FSExpo 2019: Building Airports with World Editor (WED)

June 7, 2019

Today, Laminar Research gave a presentation at FlightSimExpo 2019 about what WED is, and how easy it is to use and create airports.

One of the tools X-Plane is built on is World Editor (WED), which allows any user to design and submit an airport for inclusion in X-Plane itself.

The presentation began with a brief introduction from Julian Lockwood, Michael Minnhaar, and Jan Vogel about the topics to be discussed. Michael, who is the developer of WED, started by talking about what scenery is and how it works at a fundamentally basic level.

Jan, Michael and Julian shortly before the presentation | Image credit: Laminar Research

All scenery consists of a base mesh and overlay scenery, with a combination of other types such as ortho imagery. But it was the overlay scenery that was expanded upon in the presentation.

The scenery gateway is the website and service that users can submit their airport to for inclusion in future updates of X-Plane, and World Editor is heavily molded around it.

Michael goes on to explain how WED has adapted over the years to become a powerful tool in scenery development. For example, it has become very user-friendly in many aspects, such as the preview panel, that allows users to see what object they are selecting.

The World Editor interface

The preview panel itself has undergone some changes in its history, and one upcoming feature in WED 2.1 is live facade adjustments. A short preview of a facade's dimensions being changed on the fly was shown, including how a pier changes with respect to its overall height - railings and supports appeared and disappeared on the fly.

Further to this in WED, 2.1 will see live on-map adjustments of facades. This includes jetways, where a demo of the bridge being moved around whilst its section that connects to aircraft remained on the same heading.

WED 2.0 was released back in April and included many new features and improvements. One of these was highlighted by Michael: the ability to display OpenStreetMap and ortho-imagery in the background. It makes hand-placing facades, buildings and everything in-between easier - orthoimagery mosaics can be as large as one gigapixel.

Michael describing the latest features included in WED 2.0

Following on from Michael's discussion of WED, Jan Vogel stepped up to show how easy it is to use WED.

Jan is a huge contributor to X-Plane's gateway airports, having uploaded more than 500 airports for all X-Plane users to enjoy.

In his demonstration, Jan shows how to place a control tower at L.F. Wade International Airport (TXKF) in nine simple steps, using only WED, X-Plane 11 and a browser. Having the browser is useful in scenery creation as it allows research of the airport to be undertaken, such as real images to reference from.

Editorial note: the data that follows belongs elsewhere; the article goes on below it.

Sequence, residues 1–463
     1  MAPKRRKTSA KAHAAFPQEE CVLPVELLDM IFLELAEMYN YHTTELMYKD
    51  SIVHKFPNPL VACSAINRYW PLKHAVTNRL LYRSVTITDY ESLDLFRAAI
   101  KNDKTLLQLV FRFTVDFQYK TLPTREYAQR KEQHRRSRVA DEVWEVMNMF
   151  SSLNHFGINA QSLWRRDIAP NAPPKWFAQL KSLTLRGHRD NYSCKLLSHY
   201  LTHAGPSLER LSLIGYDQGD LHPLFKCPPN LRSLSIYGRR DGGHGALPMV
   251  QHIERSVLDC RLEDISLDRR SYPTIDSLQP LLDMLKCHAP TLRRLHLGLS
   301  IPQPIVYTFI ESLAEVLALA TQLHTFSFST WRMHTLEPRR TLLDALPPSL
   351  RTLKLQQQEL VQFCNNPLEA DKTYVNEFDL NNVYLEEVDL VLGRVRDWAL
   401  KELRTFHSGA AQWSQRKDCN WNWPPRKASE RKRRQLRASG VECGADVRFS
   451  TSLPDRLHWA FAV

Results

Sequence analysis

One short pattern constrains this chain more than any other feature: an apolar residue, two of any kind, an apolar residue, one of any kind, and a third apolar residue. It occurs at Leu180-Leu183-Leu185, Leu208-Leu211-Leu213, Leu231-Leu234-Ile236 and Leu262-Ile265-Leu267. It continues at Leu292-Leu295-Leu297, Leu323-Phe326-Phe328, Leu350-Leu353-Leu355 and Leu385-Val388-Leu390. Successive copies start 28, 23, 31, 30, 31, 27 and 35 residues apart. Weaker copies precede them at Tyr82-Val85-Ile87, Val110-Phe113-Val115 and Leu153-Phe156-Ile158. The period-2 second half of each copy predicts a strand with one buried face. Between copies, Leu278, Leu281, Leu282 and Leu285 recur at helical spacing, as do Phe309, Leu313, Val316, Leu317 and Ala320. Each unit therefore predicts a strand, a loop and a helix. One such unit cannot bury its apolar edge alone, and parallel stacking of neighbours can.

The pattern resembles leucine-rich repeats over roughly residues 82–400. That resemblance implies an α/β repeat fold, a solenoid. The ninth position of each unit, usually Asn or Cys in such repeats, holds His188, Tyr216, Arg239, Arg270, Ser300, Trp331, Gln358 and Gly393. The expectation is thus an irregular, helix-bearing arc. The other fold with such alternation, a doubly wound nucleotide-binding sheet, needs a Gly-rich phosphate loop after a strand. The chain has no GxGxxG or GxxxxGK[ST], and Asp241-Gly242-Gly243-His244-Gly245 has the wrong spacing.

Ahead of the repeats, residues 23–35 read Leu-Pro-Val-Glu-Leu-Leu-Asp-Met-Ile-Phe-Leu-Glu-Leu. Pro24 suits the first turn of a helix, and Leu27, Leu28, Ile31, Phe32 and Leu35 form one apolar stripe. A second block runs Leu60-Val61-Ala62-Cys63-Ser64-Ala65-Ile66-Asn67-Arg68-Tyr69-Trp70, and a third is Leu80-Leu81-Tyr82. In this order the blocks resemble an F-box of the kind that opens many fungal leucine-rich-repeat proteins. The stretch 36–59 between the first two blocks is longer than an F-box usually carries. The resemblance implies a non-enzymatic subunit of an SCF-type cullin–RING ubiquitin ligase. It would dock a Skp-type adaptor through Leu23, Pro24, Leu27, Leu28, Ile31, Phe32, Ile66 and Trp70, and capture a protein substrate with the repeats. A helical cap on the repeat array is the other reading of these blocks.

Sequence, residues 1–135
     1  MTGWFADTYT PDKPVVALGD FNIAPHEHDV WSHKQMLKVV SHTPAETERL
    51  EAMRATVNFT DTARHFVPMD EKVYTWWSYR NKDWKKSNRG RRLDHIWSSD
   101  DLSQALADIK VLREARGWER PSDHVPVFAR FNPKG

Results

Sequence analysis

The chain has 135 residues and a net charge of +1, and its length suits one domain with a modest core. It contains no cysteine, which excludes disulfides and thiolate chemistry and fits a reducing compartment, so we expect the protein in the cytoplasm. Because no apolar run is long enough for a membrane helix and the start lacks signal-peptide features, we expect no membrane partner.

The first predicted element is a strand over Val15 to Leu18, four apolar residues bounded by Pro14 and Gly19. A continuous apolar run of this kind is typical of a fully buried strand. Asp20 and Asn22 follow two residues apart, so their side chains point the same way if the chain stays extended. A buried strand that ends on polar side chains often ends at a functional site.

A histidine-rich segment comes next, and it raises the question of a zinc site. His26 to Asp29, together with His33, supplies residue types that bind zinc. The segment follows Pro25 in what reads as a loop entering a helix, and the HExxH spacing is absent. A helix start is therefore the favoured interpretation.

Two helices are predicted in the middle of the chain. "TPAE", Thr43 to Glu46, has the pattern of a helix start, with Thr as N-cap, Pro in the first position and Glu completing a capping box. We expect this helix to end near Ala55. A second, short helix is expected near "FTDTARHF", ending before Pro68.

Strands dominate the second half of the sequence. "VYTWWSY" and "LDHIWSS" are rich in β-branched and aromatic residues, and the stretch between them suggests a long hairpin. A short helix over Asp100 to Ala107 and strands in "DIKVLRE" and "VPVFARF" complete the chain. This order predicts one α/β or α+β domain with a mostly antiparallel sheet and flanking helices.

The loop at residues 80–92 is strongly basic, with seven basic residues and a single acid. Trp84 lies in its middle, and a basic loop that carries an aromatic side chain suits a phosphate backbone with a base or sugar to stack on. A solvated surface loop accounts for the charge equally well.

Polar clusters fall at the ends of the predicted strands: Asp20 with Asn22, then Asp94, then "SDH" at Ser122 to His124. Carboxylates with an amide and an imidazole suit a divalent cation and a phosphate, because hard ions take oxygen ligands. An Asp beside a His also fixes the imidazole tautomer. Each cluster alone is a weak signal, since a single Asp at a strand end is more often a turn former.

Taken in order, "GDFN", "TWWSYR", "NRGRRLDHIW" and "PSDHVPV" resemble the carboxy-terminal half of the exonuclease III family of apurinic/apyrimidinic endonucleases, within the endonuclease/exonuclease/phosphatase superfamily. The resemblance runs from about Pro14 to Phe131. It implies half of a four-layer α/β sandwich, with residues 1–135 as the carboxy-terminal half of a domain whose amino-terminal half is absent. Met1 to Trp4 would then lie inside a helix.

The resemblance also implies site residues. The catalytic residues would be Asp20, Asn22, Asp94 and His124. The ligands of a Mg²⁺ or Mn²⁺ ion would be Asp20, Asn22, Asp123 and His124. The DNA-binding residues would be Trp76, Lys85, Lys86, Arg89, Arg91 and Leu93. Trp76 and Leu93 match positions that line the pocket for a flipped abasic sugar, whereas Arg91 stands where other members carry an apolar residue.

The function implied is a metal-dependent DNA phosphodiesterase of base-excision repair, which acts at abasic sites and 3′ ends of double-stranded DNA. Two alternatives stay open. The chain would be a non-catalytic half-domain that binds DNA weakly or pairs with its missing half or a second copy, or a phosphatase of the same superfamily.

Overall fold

1. Firstly, the World Editor application was launched.
  2. A new scenery package for L.F. Wade International Airport was created in the launch screen.
  3. The apt.dat file was imported from the scenery gateway for the airport. In his example, he chose to further improve the already-recommended airport; that is, the one in current versions of X-Plane 11.
  4. This step showed how to place a control tower. It would also be where the vast majority of the airport is built using 'LEGO bricks.' These objects are part of the default library of assets which can only be used - third-party objects cannot be used in gateway airports.
  5. Once complete, the scenery export target is chosen, which is usually the latest version of X-Plane.
  6. The airport must now be validated, to ensure conflicts and issues are not present when uploading to the gateway.
  7. The scenery pack can now be exported...
  8. ... And then viewed in X-Plane to double-check that everything is in place and how it should be.
  9. The last step is to export to the scenery gateway.

This was all shown on a video that took less than seven minutes.

At this point, the airport will be reviewed, and if OK, will be accepted. If it is better than the ones already submitted, the airport may be chosen as the 'recommended' scenery to be included in the next batch of gateway airports distributed in an X-Plane update. The next batch is to go into X-Plane 11.35 - details of which are expected in Laminar Research's development presentation tomorrow.

Last up, Julian Lockwood, who runs the scenery gateway, showed the brief process of how it worked.

Julian Lockwood on centre-stage

The gateway includes features such as conflict control, which allows one user to lock in an airport so nobody else can work on it. Or the fact each airport is reviewed manually, in which Julian said about 150-200 airports require review per week.

Furthermore, bug reports can be submitted by users for its creator to review.

Some statistics of the scenery gateway were also shown:

  • Total submissions: 25,000+
  • 3D airports in X-Plane: 10,000+
  • Active gateway artists: 1,300+
  • Total (estimated) man-hours: 100,000+

Laminar Research's developer presentation will take place tomorrow at 1630 EDT (2030 UTC), and a virtual reality landing competition will also take place on Sunday at 0930 EDT (1330 UTC).

Be sure to check out our FSExpo 2019 hub here for the weekend's proceedings, and follow Threshold on Facebook, Twitter and/or Instagram for all the latest X-Plane content from the event.

You can also join in the discussion about the weekend's proceedings with other users in our Discord server here.

Threshold encourages informed discussion and debate - though this can only happen if all commenters remain civil when voicing their opinions.